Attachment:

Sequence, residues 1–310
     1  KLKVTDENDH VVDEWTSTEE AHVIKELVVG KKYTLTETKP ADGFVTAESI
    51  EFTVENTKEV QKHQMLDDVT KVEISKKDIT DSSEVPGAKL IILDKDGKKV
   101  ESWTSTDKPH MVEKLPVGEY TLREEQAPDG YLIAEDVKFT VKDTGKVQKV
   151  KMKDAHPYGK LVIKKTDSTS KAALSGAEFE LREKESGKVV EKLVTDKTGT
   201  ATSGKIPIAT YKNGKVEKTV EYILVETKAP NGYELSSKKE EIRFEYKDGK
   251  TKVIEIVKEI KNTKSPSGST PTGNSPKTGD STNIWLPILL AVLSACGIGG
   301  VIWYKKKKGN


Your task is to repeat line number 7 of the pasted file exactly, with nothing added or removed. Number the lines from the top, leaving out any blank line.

   251  TKVIEIVKEI KNTKSPSGST PTGNSPKTGD STNIWLPILL AVLSACGIGG